The Lady From Shanghai came about mostly due to Orson Welles’ fall from grace. With Citizen Kane‘s failure, The Magnificent Ambersons famously being cut and redone by the studio, and another film that he had planned to shoot in South America never being completed, Orson Welles was no longer looking like the genius he was originally thought to be. He had gone back to the stage, to put together a musical for Around The World In 80 Days, but had run out of money to get the costumes right before the premiere. Without anywhere else to turn, he called Harry Cohn, the head of Columbia Pictures (and his wife Rita Hayworth’s boss), to ask him for the money. In return, he promised to direct a movie for him essentially for free (and Harry Cohn accepted). Some sources say that the film was chosen because the original story, If I Die Before I Wake by Sherwood King, was on a display of paperbacks next to where Orson Welles was when he made the call, and some say that it was a story that Columbia had already purchased the rights for, but whatever the case, it’s what Orson Welles ended up doing. Rita Hayworth was cast at Harry Cohn’s insistence (instead of some of the other actresses that Orson was considering), although Harry Cohn later made a fuss about her changing her image (which he had been carefully crafting for his star for years) by cutting her hair and dying it blonde for the film. At the time, The Lady From Shanghai still didn’t do well at the box office, and was considered one of Orson Welles’ biggest failures, but, like some of his other films, its reputation has improved with time.

This is a movie that I had heard of, but it’s taken me several years to actually get around to seeing. And I will admit to having enjoyed it! Like I said back when I reviewed Tomorrow Is Forever, after watching Citizen Kane, I was generally less than interested in any of Orson Welles’ films. Following up that film (Tomorrow Is Forever), I find my opinion improving, as I was impressed with his performance in this movie as well. I certainly feel for his character, trying to do good, but getting sucked into all the mess of the people he’s trying to help (and getting into trouble because of it). It’s definitely a different role for Rita Hayworth, one that seems to fit in somewhat with her role in the classic Gilda. Overall, I do think all the performances worked well, as everybody kept me guessing what was going on, and who was going to be the big culprit. I admit, the story could be confusing at times, in such a way that multiple viewings would certainly be preferred to fully understand what was going on. But, in this film’s favor, I find myself WANTING to watch it again (admittedly, it’ll probably be a while, but at least it’s not one that completely alienated me on the first viewing). So, I would definitely say there is a movie here worth seeing!

What’s Old Is A New Release Again (2020) with… The Lady From Shanghai (1948)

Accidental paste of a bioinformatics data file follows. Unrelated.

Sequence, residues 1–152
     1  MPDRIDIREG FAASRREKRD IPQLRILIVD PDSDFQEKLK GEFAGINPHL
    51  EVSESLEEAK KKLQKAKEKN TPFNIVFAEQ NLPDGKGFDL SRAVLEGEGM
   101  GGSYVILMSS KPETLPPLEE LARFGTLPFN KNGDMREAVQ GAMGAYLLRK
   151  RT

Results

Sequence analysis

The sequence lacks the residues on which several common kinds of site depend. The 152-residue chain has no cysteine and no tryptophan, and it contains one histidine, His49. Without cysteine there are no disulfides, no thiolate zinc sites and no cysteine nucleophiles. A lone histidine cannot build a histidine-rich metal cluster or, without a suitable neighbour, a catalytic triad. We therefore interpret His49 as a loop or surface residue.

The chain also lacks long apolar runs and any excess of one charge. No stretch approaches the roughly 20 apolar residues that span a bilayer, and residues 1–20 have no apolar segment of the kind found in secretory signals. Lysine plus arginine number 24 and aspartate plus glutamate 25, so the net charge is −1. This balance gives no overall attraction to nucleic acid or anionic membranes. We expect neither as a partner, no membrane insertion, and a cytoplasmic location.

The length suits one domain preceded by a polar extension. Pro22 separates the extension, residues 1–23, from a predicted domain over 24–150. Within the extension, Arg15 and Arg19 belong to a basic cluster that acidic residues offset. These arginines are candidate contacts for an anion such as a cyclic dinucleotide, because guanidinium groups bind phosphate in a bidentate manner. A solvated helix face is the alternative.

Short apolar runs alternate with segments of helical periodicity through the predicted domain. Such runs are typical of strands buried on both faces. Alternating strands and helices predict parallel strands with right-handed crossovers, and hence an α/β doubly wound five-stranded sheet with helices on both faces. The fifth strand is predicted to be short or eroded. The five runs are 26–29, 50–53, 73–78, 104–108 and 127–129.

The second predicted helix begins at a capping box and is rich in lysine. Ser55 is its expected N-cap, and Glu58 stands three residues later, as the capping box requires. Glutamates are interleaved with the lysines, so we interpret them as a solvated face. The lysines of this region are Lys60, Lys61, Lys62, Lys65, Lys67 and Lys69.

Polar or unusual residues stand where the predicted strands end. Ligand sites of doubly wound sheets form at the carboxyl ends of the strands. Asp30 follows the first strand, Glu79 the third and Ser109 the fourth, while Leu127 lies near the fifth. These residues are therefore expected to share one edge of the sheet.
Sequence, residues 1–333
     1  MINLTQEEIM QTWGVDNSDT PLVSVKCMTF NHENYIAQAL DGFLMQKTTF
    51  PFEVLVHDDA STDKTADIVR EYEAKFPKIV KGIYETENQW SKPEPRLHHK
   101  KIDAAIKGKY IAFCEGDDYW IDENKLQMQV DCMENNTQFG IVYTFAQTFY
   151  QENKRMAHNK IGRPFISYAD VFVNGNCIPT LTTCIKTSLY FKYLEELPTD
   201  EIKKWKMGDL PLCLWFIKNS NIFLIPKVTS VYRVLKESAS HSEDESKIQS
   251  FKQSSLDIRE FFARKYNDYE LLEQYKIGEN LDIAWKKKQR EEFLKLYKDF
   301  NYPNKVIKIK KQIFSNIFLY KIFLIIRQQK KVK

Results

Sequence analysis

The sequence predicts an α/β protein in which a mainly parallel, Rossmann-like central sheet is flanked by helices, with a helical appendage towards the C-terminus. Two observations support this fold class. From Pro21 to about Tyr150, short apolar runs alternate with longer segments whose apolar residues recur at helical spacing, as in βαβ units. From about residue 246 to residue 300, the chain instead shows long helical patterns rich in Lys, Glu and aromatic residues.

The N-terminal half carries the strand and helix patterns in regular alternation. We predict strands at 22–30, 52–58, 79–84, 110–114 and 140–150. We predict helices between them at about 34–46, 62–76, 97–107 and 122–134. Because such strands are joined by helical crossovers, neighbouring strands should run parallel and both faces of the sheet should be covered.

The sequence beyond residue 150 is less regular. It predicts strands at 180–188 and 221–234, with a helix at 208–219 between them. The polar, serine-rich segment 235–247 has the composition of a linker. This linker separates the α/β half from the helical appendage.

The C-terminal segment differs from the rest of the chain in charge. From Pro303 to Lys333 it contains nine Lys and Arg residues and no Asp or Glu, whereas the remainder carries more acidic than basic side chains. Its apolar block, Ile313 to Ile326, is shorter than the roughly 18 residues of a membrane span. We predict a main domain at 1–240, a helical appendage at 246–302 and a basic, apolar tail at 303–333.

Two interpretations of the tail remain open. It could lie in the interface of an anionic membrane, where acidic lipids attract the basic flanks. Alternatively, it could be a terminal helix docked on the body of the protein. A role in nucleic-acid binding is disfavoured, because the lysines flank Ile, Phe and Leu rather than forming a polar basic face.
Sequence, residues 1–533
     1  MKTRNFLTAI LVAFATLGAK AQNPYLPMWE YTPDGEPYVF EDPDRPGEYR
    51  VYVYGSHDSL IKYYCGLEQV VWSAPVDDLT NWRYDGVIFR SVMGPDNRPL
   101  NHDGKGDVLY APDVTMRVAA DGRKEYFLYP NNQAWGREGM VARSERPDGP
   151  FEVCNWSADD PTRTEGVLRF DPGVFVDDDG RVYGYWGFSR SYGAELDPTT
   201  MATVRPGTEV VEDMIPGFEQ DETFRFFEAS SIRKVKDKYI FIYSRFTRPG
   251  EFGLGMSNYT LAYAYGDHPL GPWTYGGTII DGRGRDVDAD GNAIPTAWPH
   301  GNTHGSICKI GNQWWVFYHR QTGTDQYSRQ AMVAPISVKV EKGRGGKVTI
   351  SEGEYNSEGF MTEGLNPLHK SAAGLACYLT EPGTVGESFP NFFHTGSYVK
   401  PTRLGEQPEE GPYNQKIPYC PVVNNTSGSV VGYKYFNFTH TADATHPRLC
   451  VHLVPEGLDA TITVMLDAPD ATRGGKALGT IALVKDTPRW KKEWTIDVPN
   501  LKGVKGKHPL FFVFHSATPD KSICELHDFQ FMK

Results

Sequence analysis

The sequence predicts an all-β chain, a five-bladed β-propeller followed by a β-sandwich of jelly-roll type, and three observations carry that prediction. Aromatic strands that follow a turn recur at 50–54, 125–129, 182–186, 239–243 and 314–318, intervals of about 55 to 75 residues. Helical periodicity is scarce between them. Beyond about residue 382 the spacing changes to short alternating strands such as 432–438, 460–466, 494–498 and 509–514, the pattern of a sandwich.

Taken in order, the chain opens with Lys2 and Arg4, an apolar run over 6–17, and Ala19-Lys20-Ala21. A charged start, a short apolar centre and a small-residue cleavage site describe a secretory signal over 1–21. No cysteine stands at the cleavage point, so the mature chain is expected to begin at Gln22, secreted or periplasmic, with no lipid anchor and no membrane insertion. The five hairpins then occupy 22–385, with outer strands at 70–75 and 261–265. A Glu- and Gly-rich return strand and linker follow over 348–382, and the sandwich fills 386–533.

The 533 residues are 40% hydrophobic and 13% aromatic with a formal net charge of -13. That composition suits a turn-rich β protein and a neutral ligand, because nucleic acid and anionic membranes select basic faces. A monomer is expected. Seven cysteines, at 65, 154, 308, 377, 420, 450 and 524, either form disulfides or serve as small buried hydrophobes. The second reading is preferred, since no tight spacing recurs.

This movie is available on Blu-ray from Mill Creek Entertainment, either individually or as part of the twelve film Rita Hayworth: The Ultimate Collection. This is another transfer that seems typical of Sony (the company that owns this movie). In other words, it’s quite good! The detail is superb, and it shows off some of the cinematography very well, especially in the aquarium and the scene in the funhouse with all the mirrors! Certainly one of the best ways to see this movie!

Film Length: 1 hour, 28 minutes

My Rating: 8/10

List Of Actor/Actress Filmographies/Collections

Down To Earth (1947) – Rita Hayworth – The Loves Of Carmen (1948)

Tomorrow Is Forever (1946) – Orson Welles

Down To Earth (1947)Rita Hayworth: The Ultimate CollectionThe Loves Of Carmen (1948)

As an Amazon Affiliate, this site gets a small percentage for every purchase made upon using one of the Amazon links, even if it’s not the movie I linked to (and it’s at no extra cost to you). If you like what I’m doing with the blog, please consider using them so that I can continue to do more!

“Star Of The Month (May 2021)” Featuring Cary Grant in… Wedding Present (1936)

As we continue on with Cary Grant as the featured Star Of The Month, we come to another film from 1936, the comedy Wedding Present, also starring Joan Bennett! But first, we’ve got a theatrical short!

Coming Up Shorts! with… Homesteader Droopy (1954)

(Available on Blu-ray and DVD as part of Tex Avery Screwball Classics Volume 2 from Warner Archive Collection)

(Length: 7 minutes, 31 seconds)

Droopy and his homesteading family find resistance from Dishonest Dan when they make a home in cattle country. A fun companion cartoon to Drag-A-Long-Droopy, as another wolf takes on Droopy. Of course, we have the recurring gag of his child wanting milk, and the different ways it’s given to him. As usual, Droopy beats the Wolf for most of the cartoon (which, considering the chemistry, always works). After all, “it’s the laaaaaw of the West” (and always fun to see)!

And Now For The Main Feature…